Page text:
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Syracuse University Libraries

Living Library: 2021 Living Library Books

The Syracuse University Living Library is an event that encourages people from different backgrounds to talk with and learn from each other in a safe and supportive environment.

2021 Living Library Books

We were pleased to offer the following "living books" for our virtual Living Library event, which was held on Wednesday, April 7, 2021 from noon-5:00 p.m. EDT.

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Braving Creatively and Unapologetically: How I Broke the Silence of Shame


Shame is society’s way of keeping the disabled community siloed and silent--but vulnerability can break that silence. For me, drawing became a practice where I could break that silence and bridge the silos between a culture where I could be unapologetically myself and also challenge what most people thought is only a medical diagnosis. Dr. Brené Brown’s work has transformed my life, and guides my work as a disability advocate, drawing artist, and higher education professional. “Letting go of who you are supposed to be and embracing who you really are" is a fight that many, including myself, face every day. Vulnerability is not weakness; it’s courage in its purest form and a dimension of diversity that is more sustainable than just acknowledging difference.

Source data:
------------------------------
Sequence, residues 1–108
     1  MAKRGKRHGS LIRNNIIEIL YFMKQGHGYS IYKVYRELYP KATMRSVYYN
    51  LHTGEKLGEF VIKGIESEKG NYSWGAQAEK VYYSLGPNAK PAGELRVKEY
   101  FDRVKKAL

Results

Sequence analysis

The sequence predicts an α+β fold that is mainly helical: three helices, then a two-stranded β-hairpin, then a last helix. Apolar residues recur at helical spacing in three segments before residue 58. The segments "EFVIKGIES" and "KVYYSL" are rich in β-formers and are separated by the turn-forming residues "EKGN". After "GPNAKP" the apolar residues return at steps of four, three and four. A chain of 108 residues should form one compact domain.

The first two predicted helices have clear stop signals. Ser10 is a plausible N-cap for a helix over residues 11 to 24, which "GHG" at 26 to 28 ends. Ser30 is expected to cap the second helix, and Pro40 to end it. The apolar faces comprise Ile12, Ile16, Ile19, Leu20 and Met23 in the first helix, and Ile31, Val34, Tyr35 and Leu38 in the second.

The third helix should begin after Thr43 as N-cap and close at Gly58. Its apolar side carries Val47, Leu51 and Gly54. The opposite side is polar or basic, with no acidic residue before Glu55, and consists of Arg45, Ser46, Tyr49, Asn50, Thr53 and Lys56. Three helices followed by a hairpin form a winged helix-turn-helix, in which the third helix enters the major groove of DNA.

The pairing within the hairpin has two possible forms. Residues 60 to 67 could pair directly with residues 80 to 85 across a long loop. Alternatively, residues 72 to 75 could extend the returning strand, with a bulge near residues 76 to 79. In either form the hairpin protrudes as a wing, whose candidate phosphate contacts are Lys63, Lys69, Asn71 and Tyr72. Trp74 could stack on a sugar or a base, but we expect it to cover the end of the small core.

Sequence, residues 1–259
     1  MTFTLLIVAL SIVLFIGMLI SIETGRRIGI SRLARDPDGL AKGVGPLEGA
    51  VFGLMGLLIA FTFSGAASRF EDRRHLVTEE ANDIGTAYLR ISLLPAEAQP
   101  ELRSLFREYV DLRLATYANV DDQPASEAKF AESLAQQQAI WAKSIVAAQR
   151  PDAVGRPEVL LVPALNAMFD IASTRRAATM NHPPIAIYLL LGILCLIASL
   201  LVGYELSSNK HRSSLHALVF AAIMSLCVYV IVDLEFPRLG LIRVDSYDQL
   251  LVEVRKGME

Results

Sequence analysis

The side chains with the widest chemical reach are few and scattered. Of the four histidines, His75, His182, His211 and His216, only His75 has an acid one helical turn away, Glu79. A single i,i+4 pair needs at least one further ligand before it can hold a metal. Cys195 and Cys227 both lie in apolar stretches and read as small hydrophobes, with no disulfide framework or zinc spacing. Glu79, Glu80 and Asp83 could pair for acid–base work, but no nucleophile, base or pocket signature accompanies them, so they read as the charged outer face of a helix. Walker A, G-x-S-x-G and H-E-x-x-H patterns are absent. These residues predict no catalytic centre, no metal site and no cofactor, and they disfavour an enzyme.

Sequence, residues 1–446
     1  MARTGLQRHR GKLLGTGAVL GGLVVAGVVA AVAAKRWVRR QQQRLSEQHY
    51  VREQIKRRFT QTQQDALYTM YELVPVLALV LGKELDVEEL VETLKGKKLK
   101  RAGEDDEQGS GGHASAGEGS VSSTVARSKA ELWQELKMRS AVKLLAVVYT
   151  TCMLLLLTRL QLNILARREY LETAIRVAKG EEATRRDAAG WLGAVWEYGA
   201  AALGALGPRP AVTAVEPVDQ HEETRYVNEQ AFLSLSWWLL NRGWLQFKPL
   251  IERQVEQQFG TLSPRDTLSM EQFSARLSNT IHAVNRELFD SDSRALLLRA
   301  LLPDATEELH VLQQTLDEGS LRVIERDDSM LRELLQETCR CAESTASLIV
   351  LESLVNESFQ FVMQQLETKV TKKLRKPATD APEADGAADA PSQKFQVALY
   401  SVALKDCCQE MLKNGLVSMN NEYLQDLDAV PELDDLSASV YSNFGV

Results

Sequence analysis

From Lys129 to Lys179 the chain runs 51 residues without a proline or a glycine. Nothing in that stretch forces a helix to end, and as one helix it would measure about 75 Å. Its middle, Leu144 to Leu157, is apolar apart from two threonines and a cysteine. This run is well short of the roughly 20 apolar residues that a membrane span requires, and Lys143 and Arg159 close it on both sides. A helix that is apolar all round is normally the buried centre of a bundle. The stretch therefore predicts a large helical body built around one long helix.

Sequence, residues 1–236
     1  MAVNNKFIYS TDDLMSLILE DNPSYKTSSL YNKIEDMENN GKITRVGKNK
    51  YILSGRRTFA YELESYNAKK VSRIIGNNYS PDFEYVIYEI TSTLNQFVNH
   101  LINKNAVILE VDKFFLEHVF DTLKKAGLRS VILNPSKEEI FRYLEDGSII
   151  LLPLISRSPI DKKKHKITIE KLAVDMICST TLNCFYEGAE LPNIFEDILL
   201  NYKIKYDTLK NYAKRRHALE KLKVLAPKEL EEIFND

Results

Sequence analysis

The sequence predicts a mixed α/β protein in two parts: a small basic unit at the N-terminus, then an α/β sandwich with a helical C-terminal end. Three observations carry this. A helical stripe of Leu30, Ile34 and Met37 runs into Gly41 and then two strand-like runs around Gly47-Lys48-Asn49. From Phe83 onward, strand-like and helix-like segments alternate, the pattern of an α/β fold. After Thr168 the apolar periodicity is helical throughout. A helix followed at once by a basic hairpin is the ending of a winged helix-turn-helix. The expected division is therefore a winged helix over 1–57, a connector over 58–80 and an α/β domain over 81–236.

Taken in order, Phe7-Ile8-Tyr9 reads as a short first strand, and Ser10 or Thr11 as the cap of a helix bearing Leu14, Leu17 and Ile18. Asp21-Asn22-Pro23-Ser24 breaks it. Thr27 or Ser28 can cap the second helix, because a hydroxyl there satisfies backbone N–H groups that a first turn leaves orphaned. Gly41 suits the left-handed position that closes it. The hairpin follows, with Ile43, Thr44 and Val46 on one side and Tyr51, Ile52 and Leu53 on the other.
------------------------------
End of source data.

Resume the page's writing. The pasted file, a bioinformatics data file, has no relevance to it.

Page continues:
1-3 p.m. EDT

Disability, Queerness, and Popular Culture


I am a queer disabled graduate student pursuing my Master of Social Work at the Falk College of Sport & Human Dynamics. Before I got into social work, my background was in English and creative writing. Analyzing pop culture is one of my favorite pastimes, and the representation of queer and disabled persons in media is a passion of mine. I have an “invisible” disability that is mirrored in supernatural or fantasy settings. Why do queer people find such comfort in fantasy and sci-fi? Join me in discussing how the “other” is the most welcoming space.


noon-3 p.m. EDT

Disability in Comic Books and Popular Culture: “Cripping” the Comic Con


Cultivated from scholarship and fandom, I seek to engage others using my own perceptions and experiences of such characters as Deadpool, Batman, Oracle, the Joker and more. Learn more about the symposium “Cripping” the Comic Con and representations of disability in other popular culture outlets.